Wednesday, March 1, 2017
Second Harvest Food Bank of the Mahoning Valley has kicked off its 26th annual Harvest for Hunger fundraising campaign.
Mike Iberis, food bank executive director, said Wednesday that the spring campaign is one of the organization’s biggest fundraisers.
Last year, Second Harvest raised $233,000 and 33,000 pounds of food. The campaign runs during March and April and helps the food bank prepare for the summer months when donations tend to taper off.
Iberis said 1 in 3 people in the
Mahoning Valley qualify to receive help from food pantries, and Second Harvest serves 15,000 people each week in their soup kitchens and food pantries.
“Those are some disappointing
numbers,” Iberis said.
During a presentation, they drew
attention to two efforts the food bank has made to help hungry schoolchildren and the elderly.
Mindy DePietro, guidance counselor at Boardman Center Intermediate School, spearheaded an effort to create a food pantry at her school. She said a fifth-grade student told her kids at the school would benefit from access to food.
“I had no idea until this year the need our students have,” DePietro said. “It’s been very eye-opening for me.”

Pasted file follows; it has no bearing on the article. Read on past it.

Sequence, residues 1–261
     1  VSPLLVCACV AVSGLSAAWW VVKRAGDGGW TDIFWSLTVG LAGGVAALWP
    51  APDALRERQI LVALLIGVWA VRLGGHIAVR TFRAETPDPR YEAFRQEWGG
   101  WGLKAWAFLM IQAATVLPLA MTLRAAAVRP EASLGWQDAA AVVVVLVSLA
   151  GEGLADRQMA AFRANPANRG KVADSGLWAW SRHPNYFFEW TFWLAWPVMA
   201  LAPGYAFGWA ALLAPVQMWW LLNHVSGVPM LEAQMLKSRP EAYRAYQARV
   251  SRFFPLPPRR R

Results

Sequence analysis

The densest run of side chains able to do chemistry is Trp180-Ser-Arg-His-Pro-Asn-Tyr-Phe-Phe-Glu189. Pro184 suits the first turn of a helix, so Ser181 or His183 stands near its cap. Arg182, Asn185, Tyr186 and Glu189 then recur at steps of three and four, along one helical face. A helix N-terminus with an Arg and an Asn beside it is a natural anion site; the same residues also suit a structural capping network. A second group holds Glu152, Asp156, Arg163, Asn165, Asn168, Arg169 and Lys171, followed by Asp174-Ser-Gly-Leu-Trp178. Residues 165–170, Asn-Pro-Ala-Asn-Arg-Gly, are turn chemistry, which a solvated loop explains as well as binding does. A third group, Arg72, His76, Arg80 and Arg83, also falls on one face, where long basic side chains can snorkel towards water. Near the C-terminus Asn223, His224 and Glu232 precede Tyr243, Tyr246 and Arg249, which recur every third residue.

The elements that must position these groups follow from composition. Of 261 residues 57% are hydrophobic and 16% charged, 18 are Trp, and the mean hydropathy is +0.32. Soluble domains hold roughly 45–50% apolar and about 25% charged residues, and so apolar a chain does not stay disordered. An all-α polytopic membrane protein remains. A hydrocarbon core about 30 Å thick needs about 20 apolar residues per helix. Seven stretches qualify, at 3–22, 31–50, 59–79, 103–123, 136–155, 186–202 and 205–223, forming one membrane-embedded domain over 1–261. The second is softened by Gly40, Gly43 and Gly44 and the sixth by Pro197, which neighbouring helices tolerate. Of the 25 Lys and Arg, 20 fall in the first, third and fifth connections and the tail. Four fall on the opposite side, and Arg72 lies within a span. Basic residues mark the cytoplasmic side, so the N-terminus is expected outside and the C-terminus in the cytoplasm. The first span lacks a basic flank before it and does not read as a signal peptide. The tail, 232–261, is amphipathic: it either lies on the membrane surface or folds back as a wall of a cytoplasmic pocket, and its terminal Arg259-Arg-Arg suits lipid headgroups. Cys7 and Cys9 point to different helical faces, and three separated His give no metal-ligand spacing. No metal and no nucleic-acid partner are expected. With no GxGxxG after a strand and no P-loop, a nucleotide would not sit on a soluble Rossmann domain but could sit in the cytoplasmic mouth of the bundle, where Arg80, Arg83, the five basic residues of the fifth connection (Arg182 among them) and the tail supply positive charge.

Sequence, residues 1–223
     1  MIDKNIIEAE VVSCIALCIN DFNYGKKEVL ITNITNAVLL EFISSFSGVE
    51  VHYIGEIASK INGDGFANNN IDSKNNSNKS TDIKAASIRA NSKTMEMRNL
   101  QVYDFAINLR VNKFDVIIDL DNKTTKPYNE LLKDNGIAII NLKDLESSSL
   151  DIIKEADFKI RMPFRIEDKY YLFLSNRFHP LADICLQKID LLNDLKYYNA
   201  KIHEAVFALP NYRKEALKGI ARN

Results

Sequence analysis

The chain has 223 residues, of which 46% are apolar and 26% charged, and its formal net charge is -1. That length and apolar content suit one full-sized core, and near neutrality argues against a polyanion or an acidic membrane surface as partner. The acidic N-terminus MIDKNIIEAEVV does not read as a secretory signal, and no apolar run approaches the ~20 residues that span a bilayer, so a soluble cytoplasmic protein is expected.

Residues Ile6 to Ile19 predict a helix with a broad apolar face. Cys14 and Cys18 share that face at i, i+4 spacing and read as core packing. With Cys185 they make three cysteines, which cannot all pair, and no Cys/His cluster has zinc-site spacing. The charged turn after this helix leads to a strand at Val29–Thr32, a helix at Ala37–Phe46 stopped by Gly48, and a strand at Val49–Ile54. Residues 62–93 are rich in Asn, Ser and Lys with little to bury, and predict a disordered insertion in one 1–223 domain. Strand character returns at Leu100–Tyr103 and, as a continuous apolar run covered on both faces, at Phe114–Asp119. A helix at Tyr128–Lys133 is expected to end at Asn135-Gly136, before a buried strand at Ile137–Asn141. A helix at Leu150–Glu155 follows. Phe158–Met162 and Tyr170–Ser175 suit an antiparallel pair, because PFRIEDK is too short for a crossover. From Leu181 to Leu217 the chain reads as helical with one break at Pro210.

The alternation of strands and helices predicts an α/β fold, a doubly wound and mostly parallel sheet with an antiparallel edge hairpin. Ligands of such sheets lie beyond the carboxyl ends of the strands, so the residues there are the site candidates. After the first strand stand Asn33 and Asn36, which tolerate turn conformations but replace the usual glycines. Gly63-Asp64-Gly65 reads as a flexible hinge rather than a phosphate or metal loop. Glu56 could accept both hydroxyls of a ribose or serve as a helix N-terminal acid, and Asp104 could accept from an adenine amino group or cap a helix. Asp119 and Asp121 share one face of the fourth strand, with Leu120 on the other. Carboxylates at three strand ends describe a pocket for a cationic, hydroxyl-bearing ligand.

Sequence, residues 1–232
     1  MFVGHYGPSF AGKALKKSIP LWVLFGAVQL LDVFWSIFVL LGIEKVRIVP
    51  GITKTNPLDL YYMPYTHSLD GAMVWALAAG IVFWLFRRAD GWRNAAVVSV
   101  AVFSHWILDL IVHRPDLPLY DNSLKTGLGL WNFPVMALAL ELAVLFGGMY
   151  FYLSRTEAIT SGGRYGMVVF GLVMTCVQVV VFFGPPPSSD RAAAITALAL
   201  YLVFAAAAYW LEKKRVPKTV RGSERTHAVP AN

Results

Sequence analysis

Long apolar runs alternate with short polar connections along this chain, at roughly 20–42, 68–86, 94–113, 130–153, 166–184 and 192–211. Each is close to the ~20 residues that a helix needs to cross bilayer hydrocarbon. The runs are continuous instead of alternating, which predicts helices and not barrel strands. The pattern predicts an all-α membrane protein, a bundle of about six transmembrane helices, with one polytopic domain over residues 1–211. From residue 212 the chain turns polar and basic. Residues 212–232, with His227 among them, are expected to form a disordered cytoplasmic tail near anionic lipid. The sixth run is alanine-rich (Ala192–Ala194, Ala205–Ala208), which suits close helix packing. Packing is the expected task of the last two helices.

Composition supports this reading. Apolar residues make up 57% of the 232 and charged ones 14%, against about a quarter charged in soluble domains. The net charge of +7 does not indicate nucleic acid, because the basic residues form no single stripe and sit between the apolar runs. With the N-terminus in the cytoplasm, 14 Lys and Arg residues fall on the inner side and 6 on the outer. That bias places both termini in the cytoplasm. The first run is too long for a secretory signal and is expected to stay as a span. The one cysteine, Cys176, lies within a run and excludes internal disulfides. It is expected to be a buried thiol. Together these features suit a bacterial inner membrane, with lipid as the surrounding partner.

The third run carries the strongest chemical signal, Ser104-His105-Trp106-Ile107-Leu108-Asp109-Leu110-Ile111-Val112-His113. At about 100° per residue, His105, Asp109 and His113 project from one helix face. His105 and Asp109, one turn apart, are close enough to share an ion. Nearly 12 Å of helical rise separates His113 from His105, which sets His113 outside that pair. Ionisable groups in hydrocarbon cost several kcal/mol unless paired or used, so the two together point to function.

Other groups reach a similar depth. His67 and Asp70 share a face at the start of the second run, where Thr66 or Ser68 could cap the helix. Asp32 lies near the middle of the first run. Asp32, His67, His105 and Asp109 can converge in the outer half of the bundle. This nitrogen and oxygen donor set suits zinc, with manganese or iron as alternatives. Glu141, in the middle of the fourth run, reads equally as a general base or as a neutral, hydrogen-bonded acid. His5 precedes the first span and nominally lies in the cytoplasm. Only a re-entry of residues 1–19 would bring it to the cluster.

There are about 30 students who access the pantry, she said, and students whose families are better off bring in food to donate to the pantry. Iberis said the food pantry was the first of its kind in the country.
Second Harvest also serves as a distributor for a U.S. Department of Agriculture program that provides food to senior citizens. They provide boxes with cereal, juice, meat, cheese and other food items to seniors in need.
Emmanuel Community Care Center in Girard is one of the organizations with which they partner. Sister Jean Orsuto, center director, said most of the seniors who come to her center live on $760 a month or less.
“They’re very, very, very grateful,” Sister Jean said.
Jeff Mitchell, regional business leader for Giant Eagle, talked about his company’s participation. They sponsored the event and will have donation boxes in their stores and ask customers for donations when they check out.
Representatives for 21 WFMJ-TV, The Vindicator and Cumulus radio stations, who were sponsors of the event, also spoke. United Food and Commercial Workers local 880 also sponsored the event.
Iberis said Harvest for Hunger also allows the food bank to inform people of the degree to which hunger affects local communities.
“We not only have the opportunity to raise money – we also have the opportunity to educate people,” Iberis said.
He said the goal is to exceed the $203,000 Second Harvest raised last year, but the ultimate goal remains the same.
“Our goal is to be able
to feed people,” Iberis said. “No one should go hungry.”